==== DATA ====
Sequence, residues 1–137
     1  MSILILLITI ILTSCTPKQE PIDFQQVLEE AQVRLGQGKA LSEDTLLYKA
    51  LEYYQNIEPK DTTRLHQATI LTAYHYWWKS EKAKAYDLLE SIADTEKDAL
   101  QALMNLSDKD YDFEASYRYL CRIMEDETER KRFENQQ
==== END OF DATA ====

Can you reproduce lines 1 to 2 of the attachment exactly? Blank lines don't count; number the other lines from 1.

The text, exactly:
Sequence, residues 1–137
     1  MSILILLITI ILTSCTPKQE PIDFQQVLEE AQVRLGQGKA LSEDTLLYKA